We share aloud, some of the words and phrases that resonate with us:
God’s chosen ones, holy and beloved. Put on…heartfelt compassion, kindness, humility, gentleness, and patience.
Bearing with one another. Forgiving one another. Put on love….that is the bond of perfection.
Let the peace of Christ control your hearts. Be thankful.
Let the word of Christ dwell in your richly. Gratitude in your hearts.
Compassion: We think of compassion as feeling sorry for someone, but it is to feel with someone, to enter into the sufferings and joys of another person. Jesus had compassion for us, entering fully into our lives. He is one with us. We are called to emulate this kind of compassion with others. Sometimes there may not be much we can say to another, but we can give our presence, a physical touch. Wordless gestures are just as compassionate, perhaps even more so.
November 2020 Lectio Divina and Oblate Reflections
Topic: The Psalms
Sources: Psalm 23; Study Guide for The Rule of St. Benedict, pages 90-97, Maria-Thomas Beil, OSB
St. Benedict used the Psalms extensively in writing his Rule and suggested that we ought to pray all 150 Psalms at least once a week. This is a tall order for the average person, but perhaps we pray a psalm every day, contemplating its meaning in our hearts as a start. Psalm 23 is one of the most loved and most known of the Psalms, a comforting Psalm for our challenging times.
For our Lectio Divina, we used the following translation of Psalm 23.
There were many words and phrases that resonated with us:
“The artist Rembrandt was born on this day in 1606. When the soul is heavy and the work seems futile, a visit to an art museum––where art and beauty run rampant and meetings, proposals, finances, and debates have no place––revives the heart and makes it soft. Then going on seems possible; then life has vision again; then going on seems necessary.” ––from A Monastery Almanac, by Joan Chittister
Sources: Matthew 6: 24-24; Study Guide for The Rule of St. Benedict, pages 119-123, Maria-Thomas Beil, OSB
The focus of our June Oblate Zoom meeting is to explore our attachment to the world. A challenging question: How much are we to involve ourselves in improving our present world, while we are waiting and praying for a better world to come? We consider what St. Benedict teaches us about a balanced approach to the world that he was living in and about our outlook on living with the crisis of the coronavirus pandemic and the worldwide outcry for justice and end of racism.
We begin with morning prayer followed by sharing the challenges and blessings of living in this moment in time.Our challenges are many—because of the pandemic, it is difficult to not see others and we are missing our family and friends (and hugs!), there is uncertainty about how to reach out to others, and some of us suffer from PTSD, paranoia, negative thoughts, or anxiety. It is a time of letting go for many of us—there have been deaths, transitions in relationships and an adjustment of moving from old to new ways of doing things.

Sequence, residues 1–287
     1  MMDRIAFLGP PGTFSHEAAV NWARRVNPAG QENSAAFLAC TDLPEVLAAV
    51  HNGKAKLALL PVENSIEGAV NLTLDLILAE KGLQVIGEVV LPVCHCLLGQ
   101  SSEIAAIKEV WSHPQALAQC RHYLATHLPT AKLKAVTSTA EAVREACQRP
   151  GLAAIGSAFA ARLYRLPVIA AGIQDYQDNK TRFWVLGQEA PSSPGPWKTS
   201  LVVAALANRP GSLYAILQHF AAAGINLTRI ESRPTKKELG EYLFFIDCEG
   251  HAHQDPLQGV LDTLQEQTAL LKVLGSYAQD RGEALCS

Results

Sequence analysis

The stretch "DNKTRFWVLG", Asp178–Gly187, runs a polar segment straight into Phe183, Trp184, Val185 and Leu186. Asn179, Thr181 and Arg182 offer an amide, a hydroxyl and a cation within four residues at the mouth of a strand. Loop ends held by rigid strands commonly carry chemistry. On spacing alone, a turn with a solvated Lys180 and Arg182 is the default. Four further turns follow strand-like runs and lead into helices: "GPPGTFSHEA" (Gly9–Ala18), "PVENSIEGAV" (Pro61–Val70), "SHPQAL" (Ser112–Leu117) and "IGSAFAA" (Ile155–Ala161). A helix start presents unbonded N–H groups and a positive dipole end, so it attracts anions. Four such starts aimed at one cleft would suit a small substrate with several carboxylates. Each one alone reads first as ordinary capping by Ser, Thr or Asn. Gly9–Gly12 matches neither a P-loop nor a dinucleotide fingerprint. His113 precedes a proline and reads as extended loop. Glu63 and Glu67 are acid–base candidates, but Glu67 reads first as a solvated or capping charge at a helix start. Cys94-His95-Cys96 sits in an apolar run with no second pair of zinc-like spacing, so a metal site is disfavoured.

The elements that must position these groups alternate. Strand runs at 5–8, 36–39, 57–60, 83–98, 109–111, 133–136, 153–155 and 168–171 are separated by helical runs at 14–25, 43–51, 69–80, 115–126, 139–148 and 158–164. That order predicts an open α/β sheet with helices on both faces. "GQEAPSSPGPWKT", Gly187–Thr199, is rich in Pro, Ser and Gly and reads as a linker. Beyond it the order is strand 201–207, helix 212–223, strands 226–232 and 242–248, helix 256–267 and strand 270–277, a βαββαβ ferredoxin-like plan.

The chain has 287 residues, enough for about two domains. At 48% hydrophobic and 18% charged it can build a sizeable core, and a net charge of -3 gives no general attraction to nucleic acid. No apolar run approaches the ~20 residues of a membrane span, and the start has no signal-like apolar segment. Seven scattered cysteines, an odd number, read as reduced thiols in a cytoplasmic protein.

Life is different now. We live in uncertainty and some fear, not knowing what precautions to take—what is too much or too little in protecting our health, or what might offend another who responds to social distancing differently. We desire a middle way— to be in the world, carefully, but not looking at other people as a big germ. Finally, it is a challenge during this time of unrest, protest, and anger to see the world as it is, not as I want it to be. It is an opportunity to listen to how I am to respond to systemic racism, to withhold judgement and defensiveness, to educate myself, and to recognize there are things broken in the world. Evaluating how am I to respond and staying hopeful is essential. Continue reading “The Way The Wild Flowers Grow”→
April 2020 Oblate Lectio Divina and Discussion Topic: Lent Sources: Rule of St. Benedict, Chapter 49; John 11:45-56
“We dwell in grief and despair to be surprised into life again with resurrection—each year we are invited to make this sacred journey together.” –Engaging Benedict, Laura Swan
As Oblates of Christ the King Priory we “make this sacred journey together” meeting once a month for connection, prayer, and study. We gather in Schuyler, Nebraska on the second Saturday of the month for our Oblate meeting including morning prayers, Lectio Divina, Mass, lunch, and discussions both in full and small groups.
Yet, in this time of uncertainty when we cannot meet in person, we still crave the connectedness and the spiritual grounding of our Oblate promises. Being creative problem-solvers, several of our oblates organized a Zoom event for our April meeting. Fr. Volker reflects, “It worked out beyond any expectation and was a wonderful event. Our social media technology and the present challenging Coronavirus Pandemic turn out to be a hidden blessing.” We had 28 Oblates participate, many who typically cannot make the day trip for our monthly meeting. We started as we usually do with a few announcements, prayers and Lectio Divina, each in our own home, and yet we were together.
Our Lectio Divina reading:
There were many words and phrases that resonated with us:
You know nothing. Gather into one. What are we going to do? If we leave him alone. Began to believe in him. All will believe in him. Jesus would die for the nation. They looked for Jesus. The whole nation may not perish. What do you think? Jesus no longer walked about in public among the Jews.